International CES: It's a Warp

No, that’s not a typo. But “It’s a Wrap” is such a “Consumer Electronics Show” cliche. Warp, however, actually sounds more appropriate, as it hints of the warp speed needed to cover an event attended by 160,000 of Sound & Vision’s biggest fans. And it also fits the Star Trekish nature of the event.

Even the name Consumer Electronics Show is so 1990s. As the Consumer Electronics Association (which runs the show) would have it, the event formerly known as the Consumer Electronics Show is now officially just the International CES, with the term CES standing for nothing in particular. Sort of like KFC, where as we all know you can’t get fried chicken any more!

Nevertheless, everyone knows that CES is a candy land overflowing with consumer electronics. The show is so big that it’s impossible for a generalist to cover it from top to bottom in four days. It now showcases all manner of goodies in need of either an electrical outlet or a battery. By the time you’ve walked 10 minutes inside one of its many doors you’re blitzed by wearable electronics like health monitors, robots, drones, 3D printing, automotive electronics, washers and dryers (really)—even driverless cars. Yes, Mercedes featured one of those in its booth, but wasn’t quite ready to demonstrate it. By the time you (not me!) get to the 2050 International CES, however, you’ll likely be able to hop into a one- or two-person driverless car, ask for the Samsung booth, and be whisked there in a flash!

But audio and video remain the stars of the show, at least for us. Video certainly holds center stage with the biggest TV names like Sony, Samsung, LG, and Panasonic. JVC showed new sets as well, made by a company called Amtran that licenses the JVC name for flat screen sets. Chinese manufacturers TCL, Hisense, Changhong, and Haier were there as well, all trying to establish a presence in the U.S. market under their own names. (It’s no secret, however, that many of the LCD panels used by better-known TV makers are now made in China, perhaps by one or more of these companies).

The big video news at the show was the dominance of 4K. I don’t recall a single promotion for new 2K sets. Though there are still plenty of 2K designs available, they (like 3D!) are no longer news. LG led the 4K advance with seven OLED models and more LCD designs that I could mention. Samsung made its own news with its high-end, "SUHD" LCD models using nanocrystals (Samsung’s proprietary version of Quantum Dots). These models (at 65- and 88-inches) also feature High Dynamic Range (HDR) technology.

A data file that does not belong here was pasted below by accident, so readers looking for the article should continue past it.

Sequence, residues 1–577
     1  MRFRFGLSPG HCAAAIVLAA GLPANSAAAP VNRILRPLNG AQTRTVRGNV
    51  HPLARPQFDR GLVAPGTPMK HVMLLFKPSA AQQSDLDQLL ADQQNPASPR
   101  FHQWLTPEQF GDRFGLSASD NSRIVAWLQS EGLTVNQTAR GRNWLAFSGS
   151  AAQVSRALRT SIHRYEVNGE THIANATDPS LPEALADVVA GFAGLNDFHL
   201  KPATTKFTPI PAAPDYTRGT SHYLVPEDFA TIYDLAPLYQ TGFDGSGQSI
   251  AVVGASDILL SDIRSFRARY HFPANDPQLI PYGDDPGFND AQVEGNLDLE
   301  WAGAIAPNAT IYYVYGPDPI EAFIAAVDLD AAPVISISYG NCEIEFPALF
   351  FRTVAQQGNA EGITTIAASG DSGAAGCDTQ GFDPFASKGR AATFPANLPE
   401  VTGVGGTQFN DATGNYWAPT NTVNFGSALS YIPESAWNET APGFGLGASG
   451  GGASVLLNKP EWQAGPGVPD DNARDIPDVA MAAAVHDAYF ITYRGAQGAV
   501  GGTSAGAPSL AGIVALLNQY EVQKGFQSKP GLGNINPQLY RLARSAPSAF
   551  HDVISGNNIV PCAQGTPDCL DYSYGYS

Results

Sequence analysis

LG also showed a prototype of an OLED HDR set, but Samsung appears ready to market its nanocrystal SUHD sets as soon as next month. Of course you won’t be able to take advantage of many of the features of this set with current program sources, but it’s said to be fully ready for UltraHD Blu-ray discs and players we’re likely to see toward the end of the year. That’s more than can be said of most of the 4K UltraHD sets currently available.

Both the LG and the Samsung HDR sets looked fantastic, particularly the 88-inch (curved, natch!) Samsung SUHD model. But as with the term CES, there’s no stated meaning for the “S” in SUHD. Super? Special? Samsung? No one (outside of Samsung) knows.

It’s important to emphasize that nanocrystals and Quantum Dots are not new types of video displays. In their current form they’re merely a new type of backlighting for LCD sets. But they’re said to offer greater brightness, a potentially wider color gamut, draw less power, and (potentially, not immediately) be cheaper to produce than LEDs. They’re not a cure, however, for those performance areas where OLEDs (and until recently the now vanished plasmas) excel in ways that LCDs do not: great blacks (except in the best LED/LCD local dimmers), good off-axis performance, and motion blur.

There’s never much projector activity at CES (that’s were the September CEDIA EXPO dominates), but Sony did show a sub-$10,000 4K projector that should be in the shops as, or shortly after, I write this. In fact, it’s available at an $8,000 promotional price through February.

Most of the serious audio action was happening, as it always does, at the Venetian Hotel. For that I refer you to S&V’s show blogs elsewhere on this site, which covers audio (and video as well) in more detail than is possible here. Enjoy!

Traveler's picture

As soon as sets are available for review, would S&V please do a side by side comparison of QD and OLED in the 4k format?

HomeTeam's picture

So I guess no word on how energy efficient these things are going to be?